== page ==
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From Dust To Planet


From Dust To Planet
To get to grips with how the Earth formed, first we need to understand how the Solar System as a whole developed – and from what. Current evidence suggests that the beginnings of the Solar System lay some 4.6 billion years ago with the gravitational collapse of a fragment of a giant molecular cloud. In its entirety this molecular cloud – an interstellar mass with the size and density to form molecules like hydrogen – is estimated to have been 20 parsecs across, with the fragment just five per cent of that. The gravitationally induced collapse of this fragment resulted in a pre-solar nebula – a region of space with a mass slightly in excess of the Sun today and consisting primarily of hydrogen, helium and lithium gases generated by Big Bang nucleosynthesis (BBN).

At the heart of this pre-solar nebula, intense gravity – along with supernova-induced over-density within the core, high gas pressures, nebula rotation (caused by angular momentum) and fluxing magnetic fields – in conjunction caused it to contract and flatten into a protoplanetary disc. A hot, dense protostar formed at its centre, surrounded by a 200-astronomical-unit cloud of gas and dust. It is from this solar nebula’s protoplanetary disc that Earth and the other planets emerged.
While the protostar would develop a core temperature and pressure to instigate hydrogen fusion over a period of approximately 50 million years, the cooling gas of the disc would produce mineral grains through condensation, which would amass into tiny meteoroids. The latest evidence indicates that the oldest of the meteoroidal material formed about 4.56 billion years ago. As the dust and grains were drawn together to form ever-larger bodies of rock (first chondrules, then chondritic meteoroids), through continued accretion and collisioninduced compaction, planetesimals and then protoplanets appeared – the latter being the precursor to all planets in the Solar System. In terms of the formation of Earth, the joining of multiple planetesimals meant it developed a gravitational attraction powerful enough to sweep up additional particles, rock fragments and meteoroids as it rotated around the Sun. The composition of these materials would, as we shall see over the page, enable the protoplanet to develop a superhot core.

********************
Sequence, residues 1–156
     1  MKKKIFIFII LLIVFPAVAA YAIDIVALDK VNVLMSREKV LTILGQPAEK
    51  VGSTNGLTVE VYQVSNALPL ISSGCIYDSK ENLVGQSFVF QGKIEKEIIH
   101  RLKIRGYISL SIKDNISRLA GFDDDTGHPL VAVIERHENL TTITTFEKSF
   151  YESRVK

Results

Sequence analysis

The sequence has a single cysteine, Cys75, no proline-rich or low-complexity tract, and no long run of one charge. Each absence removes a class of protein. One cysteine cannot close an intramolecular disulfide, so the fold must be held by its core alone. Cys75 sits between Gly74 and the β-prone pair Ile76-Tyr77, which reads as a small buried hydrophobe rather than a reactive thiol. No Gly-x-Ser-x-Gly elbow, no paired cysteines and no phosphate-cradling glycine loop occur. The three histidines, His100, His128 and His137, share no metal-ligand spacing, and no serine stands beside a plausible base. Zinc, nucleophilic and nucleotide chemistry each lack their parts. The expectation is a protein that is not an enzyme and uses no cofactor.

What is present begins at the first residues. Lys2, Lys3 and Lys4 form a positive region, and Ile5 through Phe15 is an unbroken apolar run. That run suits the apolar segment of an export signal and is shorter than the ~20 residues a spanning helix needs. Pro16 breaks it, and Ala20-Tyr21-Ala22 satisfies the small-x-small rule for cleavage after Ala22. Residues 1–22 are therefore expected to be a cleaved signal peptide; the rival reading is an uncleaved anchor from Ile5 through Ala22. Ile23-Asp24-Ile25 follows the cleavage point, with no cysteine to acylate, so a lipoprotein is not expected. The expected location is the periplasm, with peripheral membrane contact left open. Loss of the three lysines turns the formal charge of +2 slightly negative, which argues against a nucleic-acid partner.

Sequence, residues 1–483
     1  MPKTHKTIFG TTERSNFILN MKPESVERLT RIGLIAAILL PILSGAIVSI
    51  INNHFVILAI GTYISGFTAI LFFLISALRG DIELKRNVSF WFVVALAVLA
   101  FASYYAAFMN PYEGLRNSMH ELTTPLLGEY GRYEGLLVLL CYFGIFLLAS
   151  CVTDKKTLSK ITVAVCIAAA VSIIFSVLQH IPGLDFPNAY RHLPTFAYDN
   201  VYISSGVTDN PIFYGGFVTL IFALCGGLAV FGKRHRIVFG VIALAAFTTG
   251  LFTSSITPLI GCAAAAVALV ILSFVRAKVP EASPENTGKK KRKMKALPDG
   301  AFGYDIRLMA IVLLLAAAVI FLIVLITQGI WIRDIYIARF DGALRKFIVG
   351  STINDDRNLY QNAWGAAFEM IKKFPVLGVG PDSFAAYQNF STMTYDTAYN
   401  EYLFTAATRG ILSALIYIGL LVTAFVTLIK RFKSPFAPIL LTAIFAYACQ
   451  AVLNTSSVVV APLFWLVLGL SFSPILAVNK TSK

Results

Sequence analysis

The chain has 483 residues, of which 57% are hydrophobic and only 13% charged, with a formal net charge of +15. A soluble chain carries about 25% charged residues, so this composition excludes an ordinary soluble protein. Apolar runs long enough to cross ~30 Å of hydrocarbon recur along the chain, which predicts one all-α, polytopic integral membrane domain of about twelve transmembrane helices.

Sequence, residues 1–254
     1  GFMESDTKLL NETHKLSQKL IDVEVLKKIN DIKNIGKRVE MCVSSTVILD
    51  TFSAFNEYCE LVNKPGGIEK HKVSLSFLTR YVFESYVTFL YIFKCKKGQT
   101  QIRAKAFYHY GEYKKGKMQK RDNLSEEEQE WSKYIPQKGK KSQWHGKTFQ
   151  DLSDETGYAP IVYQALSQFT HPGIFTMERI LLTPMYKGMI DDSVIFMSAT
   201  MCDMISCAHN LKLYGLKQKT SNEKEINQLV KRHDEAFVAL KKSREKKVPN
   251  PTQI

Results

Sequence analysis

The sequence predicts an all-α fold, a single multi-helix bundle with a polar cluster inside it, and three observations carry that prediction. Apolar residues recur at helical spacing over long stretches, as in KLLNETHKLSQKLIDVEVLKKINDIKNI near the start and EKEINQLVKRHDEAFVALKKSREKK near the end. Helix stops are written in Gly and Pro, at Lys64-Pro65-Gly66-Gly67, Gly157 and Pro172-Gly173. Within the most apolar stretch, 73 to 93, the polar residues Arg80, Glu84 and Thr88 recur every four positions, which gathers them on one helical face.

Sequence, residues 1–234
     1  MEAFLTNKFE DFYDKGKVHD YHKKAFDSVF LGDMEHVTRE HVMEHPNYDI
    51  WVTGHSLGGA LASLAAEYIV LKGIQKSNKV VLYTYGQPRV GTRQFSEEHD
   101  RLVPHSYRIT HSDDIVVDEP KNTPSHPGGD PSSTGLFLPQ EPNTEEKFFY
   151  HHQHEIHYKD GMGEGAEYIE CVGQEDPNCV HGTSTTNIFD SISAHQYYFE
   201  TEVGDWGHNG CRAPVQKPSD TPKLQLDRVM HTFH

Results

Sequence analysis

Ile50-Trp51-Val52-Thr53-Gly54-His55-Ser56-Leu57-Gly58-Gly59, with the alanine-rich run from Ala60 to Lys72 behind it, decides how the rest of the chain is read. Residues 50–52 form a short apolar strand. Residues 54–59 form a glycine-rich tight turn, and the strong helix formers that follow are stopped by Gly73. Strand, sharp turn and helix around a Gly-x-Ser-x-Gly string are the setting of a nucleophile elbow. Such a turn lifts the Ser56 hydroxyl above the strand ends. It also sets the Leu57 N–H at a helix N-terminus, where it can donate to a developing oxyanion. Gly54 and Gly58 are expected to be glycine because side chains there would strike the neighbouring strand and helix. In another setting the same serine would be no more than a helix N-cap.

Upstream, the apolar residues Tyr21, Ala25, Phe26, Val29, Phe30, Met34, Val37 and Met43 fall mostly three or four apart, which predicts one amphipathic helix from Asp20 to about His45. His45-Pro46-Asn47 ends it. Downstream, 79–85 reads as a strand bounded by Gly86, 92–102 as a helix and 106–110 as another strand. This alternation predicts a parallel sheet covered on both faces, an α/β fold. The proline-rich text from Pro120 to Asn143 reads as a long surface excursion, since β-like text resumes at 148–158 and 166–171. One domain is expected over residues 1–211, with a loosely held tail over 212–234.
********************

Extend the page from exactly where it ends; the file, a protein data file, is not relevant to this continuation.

From Dust To Planet, Origins of the Moon

Origins of the Moon
Today most scientists believe Earth’s sole satellite formed off the back of a collision that occurred roughly 4.53 billion years ago. At this time, Earth was in its early development stage and had been impacted numerous times by planetesimals and other rocky bodies – events that had shock-heated the planet and brought about  the expansion of its core.
One collision, however, seems to have been a planet-sized body around the size of Mars – dubbed Theia. Basic models of impact data suggest Theia struck Earth at an oblique angle, with its iron  core sinking into the planet, while its mantle, as well as that of Earth, was largely hurled into orbit. This ejected material – which is estimated to be roughly 20 per cent of Theia’s total mass – went on to form a ring of silicate material around Earth and then coalesce within a relatively short period (ranging from a co of months up to 100 years) into the Moon.